European Commissioner for the Environment, Virginijus Sinkevicius, has accepted an invitation to visit Ireland following the commission’s decision on the nitrates derogation. Minister for Agriculture, Food and the Marine, Charlie McConalogue, met with Commissioner Sinkevicius during his visit to Brussels for the Agriculture and Fisheries Council meeting. The purpose of the visit is to showcase the efforts of Irish farmers in improving water quality and to lay the groundwork for the renewal of the derogation in 2026. Minister McConalogue emphasized the importance of all farmers working together through the Nitrates Action Plan to achieve this goal.
Earlier this month, Minister McConalogue stated that the EU Commission had indicated there was no possibility of re-opening the current commission decision on Ireland’s nitrates derogation. The derogation is set to expire on January 1, 2026, and the derogation limit will be reduced to 220kg organic nitrogen per hectare on January 1, 2024, in certain areas where water quality has not shown sufficient improvement. The EU Commission spokesperson acknowledged and appreciated the efforts made by Irish authorities and farmers to address water quality issues and comply with the nitrates directive. The date for Commissioner Sinkevicius’ visit to Ireland has not yet been confirmed.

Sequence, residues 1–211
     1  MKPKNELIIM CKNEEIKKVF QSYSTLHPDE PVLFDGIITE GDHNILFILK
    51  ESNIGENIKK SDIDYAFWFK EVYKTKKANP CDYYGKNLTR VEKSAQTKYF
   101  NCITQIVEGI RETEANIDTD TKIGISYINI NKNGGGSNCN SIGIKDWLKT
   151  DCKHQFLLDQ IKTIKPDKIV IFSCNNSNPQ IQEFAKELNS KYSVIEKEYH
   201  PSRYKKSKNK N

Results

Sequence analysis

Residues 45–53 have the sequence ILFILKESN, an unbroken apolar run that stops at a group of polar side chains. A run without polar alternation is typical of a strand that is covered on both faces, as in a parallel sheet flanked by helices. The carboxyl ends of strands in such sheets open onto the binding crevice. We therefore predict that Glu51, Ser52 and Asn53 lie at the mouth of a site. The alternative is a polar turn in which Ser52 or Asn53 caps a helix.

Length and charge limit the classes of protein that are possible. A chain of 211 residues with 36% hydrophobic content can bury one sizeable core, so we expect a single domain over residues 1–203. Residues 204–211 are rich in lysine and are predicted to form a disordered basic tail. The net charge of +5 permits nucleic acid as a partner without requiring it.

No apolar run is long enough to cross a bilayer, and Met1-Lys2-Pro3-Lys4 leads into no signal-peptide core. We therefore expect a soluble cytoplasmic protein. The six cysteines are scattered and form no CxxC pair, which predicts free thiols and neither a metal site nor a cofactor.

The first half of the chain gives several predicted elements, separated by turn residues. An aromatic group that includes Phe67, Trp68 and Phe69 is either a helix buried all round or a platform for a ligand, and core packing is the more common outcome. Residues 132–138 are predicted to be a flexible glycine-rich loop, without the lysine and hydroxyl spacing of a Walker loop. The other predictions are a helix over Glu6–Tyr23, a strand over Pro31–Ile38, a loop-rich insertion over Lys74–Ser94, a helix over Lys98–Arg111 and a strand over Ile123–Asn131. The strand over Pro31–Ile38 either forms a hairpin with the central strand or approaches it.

In addition to the nitrates derogation, Minister McConalogue also raised concerns about the proposed EU-Mercosur and EU-Australia trade negotiations. The EU-Mercosur Free Trade Agreement, agreed upon in 2019, has faced delays in ratification due to concerns raised by member states, including Ireland, regarding the potential impact of imports on the EU beef market. The commission had agreed to include an “additional instrument” addressing sustainability commitments in relation to the agreement. Minister McConalogue called for comprehensive binding commitments on climate change, biodiversity, combating deforestation, and labor rights in this instrument. He also emphasized the need to consider the cumulative impact of other free trade agreements, particularly in negotiations with Australia, to avoid negative effects on EU markets, especially for beef and sheepmeat.
Minister McConalogue’s efforts to address these issues demonstrate Ireland’s commitment to environmental sustainability and the protection of its agricultural sector. The visit by Commissioner Sinkevicius will provide an opportunity to showcase the progress made by Irish farmers in improving water quality and reinforce the importance of continued collaboration and adherence to the Nitrates Action Plan. As discussions on trade agreements continue, Minister McConalogue’s call for comprehensive sustainability commitments reflects the government’s commitment to protecting Irish farmers and ensuring the long-term viability of the agricultural industry.